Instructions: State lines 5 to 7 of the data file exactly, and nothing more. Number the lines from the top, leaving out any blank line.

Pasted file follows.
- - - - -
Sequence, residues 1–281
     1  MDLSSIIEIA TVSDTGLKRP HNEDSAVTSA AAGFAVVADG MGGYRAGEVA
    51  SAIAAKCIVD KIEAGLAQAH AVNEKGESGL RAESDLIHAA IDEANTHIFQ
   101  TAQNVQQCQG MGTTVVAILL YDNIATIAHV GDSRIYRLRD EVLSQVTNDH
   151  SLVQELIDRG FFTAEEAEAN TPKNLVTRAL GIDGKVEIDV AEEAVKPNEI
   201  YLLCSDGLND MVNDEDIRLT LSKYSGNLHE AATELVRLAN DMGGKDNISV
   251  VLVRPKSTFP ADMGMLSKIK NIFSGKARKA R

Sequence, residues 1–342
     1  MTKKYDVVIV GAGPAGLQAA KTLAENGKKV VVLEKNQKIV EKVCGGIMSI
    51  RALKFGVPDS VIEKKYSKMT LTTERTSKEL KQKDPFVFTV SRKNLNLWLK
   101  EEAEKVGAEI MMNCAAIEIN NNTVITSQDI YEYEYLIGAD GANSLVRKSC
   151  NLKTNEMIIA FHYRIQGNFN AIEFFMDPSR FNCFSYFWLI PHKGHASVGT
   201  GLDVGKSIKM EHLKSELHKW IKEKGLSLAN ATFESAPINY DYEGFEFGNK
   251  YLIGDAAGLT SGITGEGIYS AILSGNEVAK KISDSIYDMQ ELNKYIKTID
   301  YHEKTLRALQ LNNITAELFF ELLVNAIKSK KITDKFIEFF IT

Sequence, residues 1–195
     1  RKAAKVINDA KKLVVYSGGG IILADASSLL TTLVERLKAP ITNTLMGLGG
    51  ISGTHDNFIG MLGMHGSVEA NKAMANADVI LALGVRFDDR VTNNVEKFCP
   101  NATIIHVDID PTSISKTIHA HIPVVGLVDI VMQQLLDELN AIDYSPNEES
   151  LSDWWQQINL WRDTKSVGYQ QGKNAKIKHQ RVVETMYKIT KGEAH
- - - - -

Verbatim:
   151  SLVQELIDRG FFTAEEAEAN TPKNLVTRAL GIDGKVEIDV AEEAVKPNEI
   201  YLLCSDGLND MVNDEDIRLT LSKYSGNLHE AATELVRLAN DMGGKDNISV
   251  VLVRPKSTFP ADMGMLSKIK NIFSGKARKA R